Mentions: Fig. 3 shows T1-weighted 3.0 T MR images of the head with the metal-based implant attached to the left side of the head and the LCP-based implanted on the opposite side. Fig. 3A and 3B are the axial and sagittal images of the head, respectively. In Fig. 3A, brain imaging of the left side is obscured by artifacts. The diameter of the artifact caused by the metal-based cochlear implant was approximately 69 mm. Contrary to the metal implant, very mild artifacts were generated by the LCP-based device on the right side. A similar tendency was observed in the sagittal image of the head (Fig. 3B). There exist extremely small artifacts on the right side, while severe image distortion was generated on the left side by platinum coil and titanium packages. Therefore, if we use an fMRI to see the neuronal activity from the auditory brain cortex of the metal-based cochlear implant recipients, it will be impossible to monitor the ipsilateral temporal lobe that was applied to the primary auditory cortex. It should also be noted that the distorted area of the MRI images can be smaller compared to the images of the CI recipients, since the metal- and LCP-based cochlear implants were attached to the outside of the skin, and not fully implanted inside the skin.

Bottom Line: In both devices, alignment magnets were removed for safety.In the 3.0 T images, the metal-based device on the left side generated the significant amount of artifacts.Furthermore, it will be also useful for functional MRI studies of the auditory perception mechanism after cochlear implantations as well as for positron emission tomography-MRI hybrid imaging.

View Article: PubMed Central - PubMed

Affiliation: School of Electrical Engineering and Computer Science, College of Engineering, Seoul National University, Seoul, Korea.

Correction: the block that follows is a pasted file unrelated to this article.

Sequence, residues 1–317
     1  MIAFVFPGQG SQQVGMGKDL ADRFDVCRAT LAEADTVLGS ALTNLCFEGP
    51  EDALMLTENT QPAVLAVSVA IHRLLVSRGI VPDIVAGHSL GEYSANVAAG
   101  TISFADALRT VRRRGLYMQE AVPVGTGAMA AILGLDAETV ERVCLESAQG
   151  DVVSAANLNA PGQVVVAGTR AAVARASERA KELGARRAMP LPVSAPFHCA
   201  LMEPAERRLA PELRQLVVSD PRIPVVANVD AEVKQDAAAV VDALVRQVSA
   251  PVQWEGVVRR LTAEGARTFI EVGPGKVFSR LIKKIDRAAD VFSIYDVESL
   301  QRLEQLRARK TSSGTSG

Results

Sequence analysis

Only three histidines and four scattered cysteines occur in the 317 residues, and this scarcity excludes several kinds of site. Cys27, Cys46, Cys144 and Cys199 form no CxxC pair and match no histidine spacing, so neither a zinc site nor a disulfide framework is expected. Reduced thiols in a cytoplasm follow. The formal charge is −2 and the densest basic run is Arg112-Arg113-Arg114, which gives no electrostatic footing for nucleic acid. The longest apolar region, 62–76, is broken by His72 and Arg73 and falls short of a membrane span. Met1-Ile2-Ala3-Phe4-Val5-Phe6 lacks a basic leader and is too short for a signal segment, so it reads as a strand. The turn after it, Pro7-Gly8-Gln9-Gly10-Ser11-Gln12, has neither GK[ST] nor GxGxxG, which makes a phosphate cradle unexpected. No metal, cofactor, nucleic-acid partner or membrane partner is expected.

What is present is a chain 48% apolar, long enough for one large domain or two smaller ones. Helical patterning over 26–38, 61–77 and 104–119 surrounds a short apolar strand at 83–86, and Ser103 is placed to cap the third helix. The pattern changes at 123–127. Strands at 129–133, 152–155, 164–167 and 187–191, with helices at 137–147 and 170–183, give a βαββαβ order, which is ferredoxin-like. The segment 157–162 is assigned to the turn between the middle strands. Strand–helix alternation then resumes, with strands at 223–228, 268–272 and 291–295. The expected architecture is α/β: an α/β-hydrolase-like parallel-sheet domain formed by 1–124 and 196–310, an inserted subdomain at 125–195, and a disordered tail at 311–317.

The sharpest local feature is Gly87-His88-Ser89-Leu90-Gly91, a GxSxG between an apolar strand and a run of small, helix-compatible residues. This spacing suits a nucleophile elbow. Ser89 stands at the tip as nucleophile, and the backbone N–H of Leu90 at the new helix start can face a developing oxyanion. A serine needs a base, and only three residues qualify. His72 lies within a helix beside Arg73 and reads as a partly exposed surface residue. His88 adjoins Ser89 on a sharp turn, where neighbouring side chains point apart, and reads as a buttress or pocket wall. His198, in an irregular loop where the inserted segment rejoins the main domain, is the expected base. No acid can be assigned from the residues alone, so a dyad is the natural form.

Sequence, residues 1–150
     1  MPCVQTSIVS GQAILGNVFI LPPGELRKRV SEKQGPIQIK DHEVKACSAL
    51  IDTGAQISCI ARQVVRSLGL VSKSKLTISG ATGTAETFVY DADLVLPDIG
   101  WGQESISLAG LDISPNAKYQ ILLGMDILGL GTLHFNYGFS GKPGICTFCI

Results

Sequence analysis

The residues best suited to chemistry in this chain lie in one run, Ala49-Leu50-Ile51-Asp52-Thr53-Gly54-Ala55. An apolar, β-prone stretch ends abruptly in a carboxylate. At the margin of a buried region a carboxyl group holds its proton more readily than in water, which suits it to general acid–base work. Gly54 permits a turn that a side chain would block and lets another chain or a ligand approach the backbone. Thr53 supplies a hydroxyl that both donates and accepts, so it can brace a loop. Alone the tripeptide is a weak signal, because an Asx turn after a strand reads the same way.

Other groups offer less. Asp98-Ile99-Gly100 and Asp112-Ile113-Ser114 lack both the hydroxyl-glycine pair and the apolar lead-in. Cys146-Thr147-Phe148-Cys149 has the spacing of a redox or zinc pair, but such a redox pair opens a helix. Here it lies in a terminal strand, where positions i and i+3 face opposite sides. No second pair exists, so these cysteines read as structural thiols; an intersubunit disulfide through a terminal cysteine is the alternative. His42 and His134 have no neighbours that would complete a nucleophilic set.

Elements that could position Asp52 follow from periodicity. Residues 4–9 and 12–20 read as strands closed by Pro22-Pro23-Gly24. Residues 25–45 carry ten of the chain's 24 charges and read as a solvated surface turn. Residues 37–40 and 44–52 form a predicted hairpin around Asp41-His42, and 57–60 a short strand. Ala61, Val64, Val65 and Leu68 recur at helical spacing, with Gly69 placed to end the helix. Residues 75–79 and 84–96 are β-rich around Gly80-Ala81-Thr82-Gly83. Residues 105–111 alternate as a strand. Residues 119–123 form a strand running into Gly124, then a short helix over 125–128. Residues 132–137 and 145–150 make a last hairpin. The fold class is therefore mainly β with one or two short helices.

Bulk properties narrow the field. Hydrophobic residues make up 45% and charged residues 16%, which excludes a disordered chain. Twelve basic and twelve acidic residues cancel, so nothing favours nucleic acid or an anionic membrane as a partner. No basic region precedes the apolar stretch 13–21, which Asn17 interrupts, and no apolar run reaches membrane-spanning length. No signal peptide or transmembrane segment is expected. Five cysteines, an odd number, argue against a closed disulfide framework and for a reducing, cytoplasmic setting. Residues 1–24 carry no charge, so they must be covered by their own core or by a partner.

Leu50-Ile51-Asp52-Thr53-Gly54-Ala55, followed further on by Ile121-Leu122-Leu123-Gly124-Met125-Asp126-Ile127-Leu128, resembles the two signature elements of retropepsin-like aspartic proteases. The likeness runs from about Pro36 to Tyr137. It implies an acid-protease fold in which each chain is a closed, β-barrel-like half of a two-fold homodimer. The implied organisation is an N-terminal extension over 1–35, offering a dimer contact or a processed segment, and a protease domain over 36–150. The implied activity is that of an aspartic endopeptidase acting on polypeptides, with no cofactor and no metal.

ABSTRACT

Objectives: In this study, we compared the magnetic resonance (MR) image artifacts caused by a conventional metal-based cochlear implant and a newly developed liquid crystal polymer (LCP)-based device.

Methods: The metal-based cochlear implant system (Nurobiosys Co.) was attached to side of the head of a subject and the LCP-based device was attached to opposite side. In both devices, alignment magnets were removed for safety. Magnetic resonance imaging (MRI) was performed on a widely used 3.0 T and an ultra-high 7.0 T MRI machine. 3.0 and 7.0 T MR images were acquired using T1- and T2(*)-weighted gradient echo sequences, respectively.

Results: In the 3.0 T images, the metal-based device on the left side generated the significant amount of artifacts. The MR images in the proximity of the metal package were obscured by the artifacts in both axial and sagittal views. On the other hand, the MR images near the LCP-based device were relatively free from the artifacts and clearly showed the brain structures. 7.0 T MR images showed the more severe distortion in the both sides but the metal-based cochlear implant system caused a much larger obscure area than the LCP-based system.

Conclusion: The novel LCP-based cochlear implant provides a good MRI compatibility beyond present-day cochlear implants. Thus, MR images can be obtained from the subjects even with the implanted LCP-based neural prosthetic systems providing useful diagnostic information. Furthermore, it will be also useful for functional MRI studies of the auditory perception mechanism after cochlear implantations as well as for positron emission tomography-MRI hybrid imaging.

No MeSH data available.


Related in: MedlinePlus